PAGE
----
The dangers of global variables revisited because of PHP.

The dangers of global variables revisited because of PHP. admin 10 July, 2009 - 14:31

In 1985 after about two years of full time programming I had an epiphany; realising that global variables are a very bad idea. Roughly 20% of the bugs that I kept finding were down to abuse or misuse of global variables, so I stopped using them, apart from the time when you really should use one (e.g. for a pointer to global shared memory that never changes).

So here I am over 20 years later, and I've just realised exactly the same thing, except this time it's in PHP not 'CORAL' '66'.

I wondered how this happened and it dawned on me that it's a result of the way that I originally learnt PHP - taking over someone else's code. They used globals, lots of examples use globals, and in a way it seems to be the way that things are done. I should have known better.

The problem is worse with PHP than before, as failing to declare a global variable using the global keyword just lets PHP invent a local one - and then the code fails, possibly silently.

Functions that provide access to the data is the solution that I adopted back in 1985, and it works just as well today. Hand in hand with this is the migration of the config.php approach, currently my config.php only contains the db connection details, the rest of the site configuration comes from a table, usually with a default value and a specific value to allow test & live sites to be configured differently.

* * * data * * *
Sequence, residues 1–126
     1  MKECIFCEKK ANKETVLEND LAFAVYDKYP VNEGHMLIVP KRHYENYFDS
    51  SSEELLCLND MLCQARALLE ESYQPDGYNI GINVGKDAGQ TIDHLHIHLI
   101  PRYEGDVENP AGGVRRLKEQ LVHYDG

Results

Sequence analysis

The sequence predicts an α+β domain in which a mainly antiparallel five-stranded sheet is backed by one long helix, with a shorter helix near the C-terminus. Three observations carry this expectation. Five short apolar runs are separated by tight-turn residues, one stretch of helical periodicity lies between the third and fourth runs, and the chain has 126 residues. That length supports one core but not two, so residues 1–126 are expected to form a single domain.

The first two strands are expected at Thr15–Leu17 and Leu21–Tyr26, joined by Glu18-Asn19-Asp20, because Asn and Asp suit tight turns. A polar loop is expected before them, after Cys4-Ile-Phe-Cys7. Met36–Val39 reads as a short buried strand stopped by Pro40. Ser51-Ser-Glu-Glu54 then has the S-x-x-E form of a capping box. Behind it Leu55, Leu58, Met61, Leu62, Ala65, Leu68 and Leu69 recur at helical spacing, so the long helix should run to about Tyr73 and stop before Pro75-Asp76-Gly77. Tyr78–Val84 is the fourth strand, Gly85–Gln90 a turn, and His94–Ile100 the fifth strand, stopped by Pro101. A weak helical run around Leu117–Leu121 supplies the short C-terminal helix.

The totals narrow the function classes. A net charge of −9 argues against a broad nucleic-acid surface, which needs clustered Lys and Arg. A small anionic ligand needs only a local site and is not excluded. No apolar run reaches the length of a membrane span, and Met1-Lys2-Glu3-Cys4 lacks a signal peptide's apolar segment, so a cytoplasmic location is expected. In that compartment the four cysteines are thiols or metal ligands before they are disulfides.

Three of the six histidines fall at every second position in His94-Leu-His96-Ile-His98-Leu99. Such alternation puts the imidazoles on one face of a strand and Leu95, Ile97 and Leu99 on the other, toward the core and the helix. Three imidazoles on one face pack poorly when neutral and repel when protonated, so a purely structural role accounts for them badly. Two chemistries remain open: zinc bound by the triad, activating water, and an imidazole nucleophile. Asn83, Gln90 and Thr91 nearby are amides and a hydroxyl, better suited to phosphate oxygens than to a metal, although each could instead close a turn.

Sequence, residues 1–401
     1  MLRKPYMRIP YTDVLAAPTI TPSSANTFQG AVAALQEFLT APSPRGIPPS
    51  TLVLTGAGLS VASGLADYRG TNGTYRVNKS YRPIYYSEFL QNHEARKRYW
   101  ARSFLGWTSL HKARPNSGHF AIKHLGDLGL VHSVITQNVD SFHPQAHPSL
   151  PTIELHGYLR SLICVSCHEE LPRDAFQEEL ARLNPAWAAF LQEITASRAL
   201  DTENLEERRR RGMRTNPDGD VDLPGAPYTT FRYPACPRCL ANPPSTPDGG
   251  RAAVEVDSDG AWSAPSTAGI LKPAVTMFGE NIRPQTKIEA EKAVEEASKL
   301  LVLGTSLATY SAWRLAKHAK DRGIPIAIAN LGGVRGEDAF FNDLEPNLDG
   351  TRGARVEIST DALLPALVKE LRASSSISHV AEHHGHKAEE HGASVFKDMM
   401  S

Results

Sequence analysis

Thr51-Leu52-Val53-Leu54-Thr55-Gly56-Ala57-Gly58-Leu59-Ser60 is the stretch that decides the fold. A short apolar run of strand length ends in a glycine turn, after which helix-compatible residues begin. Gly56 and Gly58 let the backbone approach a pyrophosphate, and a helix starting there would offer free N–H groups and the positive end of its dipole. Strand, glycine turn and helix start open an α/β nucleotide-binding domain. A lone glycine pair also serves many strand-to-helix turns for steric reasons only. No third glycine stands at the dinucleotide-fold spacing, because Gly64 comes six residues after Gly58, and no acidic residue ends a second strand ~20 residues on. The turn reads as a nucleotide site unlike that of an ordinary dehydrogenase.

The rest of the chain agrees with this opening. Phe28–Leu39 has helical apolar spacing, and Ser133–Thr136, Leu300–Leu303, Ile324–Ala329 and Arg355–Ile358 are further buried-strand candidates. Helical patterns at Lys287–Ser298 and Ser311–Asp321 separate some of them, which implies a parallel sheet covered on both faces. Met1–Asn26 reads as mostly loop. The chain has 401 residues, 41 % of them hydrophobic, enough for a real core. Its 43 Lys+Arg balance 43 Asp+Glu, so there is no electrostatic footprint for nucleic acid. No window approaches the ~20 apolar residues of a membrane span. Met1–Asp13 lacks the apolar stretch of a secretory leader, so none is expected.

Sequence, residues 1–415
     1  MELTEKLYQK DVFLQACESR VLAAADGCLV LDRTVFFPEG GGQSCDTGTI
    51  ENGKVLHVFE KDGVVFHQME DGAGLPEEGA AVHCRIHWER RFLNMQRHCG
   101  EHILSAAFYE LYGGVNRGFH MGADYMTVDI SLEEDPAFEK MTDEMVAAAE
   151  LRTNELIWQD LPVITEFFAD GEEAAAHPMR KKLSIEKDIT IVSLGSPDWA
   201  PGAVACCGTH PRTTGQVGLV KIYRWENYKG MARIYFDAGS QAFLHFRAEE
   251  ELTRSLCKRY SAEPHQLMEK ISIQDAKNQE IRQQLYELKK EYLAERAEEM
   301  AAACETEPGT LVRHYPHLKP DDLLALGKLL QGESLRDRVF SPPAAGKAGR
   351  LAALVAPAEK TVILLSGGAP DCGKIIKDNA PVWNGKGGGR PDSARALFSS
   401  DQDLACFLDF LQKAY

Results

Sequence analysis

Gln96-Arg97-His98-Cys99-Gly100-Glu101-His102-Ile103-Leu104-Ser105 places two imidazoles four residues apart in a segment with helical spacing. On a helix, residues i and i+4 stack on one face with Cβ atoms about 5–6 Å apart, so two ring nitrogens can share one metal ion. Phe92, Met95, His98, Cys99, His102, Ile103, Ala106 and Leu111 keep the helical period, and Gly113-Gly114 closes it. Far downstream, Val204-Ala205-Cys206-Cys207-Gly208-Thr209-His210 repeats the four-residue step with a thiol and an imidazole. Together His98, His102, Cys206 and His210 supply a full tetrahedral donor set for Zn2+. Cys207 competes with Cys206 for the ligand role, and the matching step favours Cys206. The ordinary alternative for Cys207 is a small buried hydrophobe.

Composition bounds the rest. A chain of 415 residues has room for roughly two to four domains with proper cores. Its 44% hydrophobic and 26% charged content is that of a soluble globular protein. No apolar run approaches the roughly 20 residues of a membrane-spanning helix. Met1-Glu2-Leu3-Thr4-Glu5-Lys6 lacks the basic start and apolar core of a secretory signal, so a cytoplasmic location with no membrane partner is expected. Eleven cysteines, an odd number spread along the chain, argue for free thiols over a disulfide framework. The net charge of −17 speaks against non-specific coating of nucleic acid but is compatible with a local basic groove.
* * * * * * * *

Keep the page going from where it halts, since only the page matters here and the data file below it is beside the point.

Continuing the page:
So, instead of having

class ShowUser
{
    function output()
    {
        global $config;
        if ($config['allow-view'] == 1)
            echo "Stuff";
    }
}

the code is shorter, possibly more legible - and easier to maintain, for all the reasons that it was when I first thought of it.

class ShowUser
{
    function output()
    {
        if (get_from_config('allow-view') == 1)
            echo "Stuff";
    }
}

Usually I don't need to have a global for the DB - PHP hides that from me, and as most of the time one only needs one database connection, there is no need to wrap this up.

So it's just the config and the session that need functions - a total of four functions and much nicer code. I'm happy again.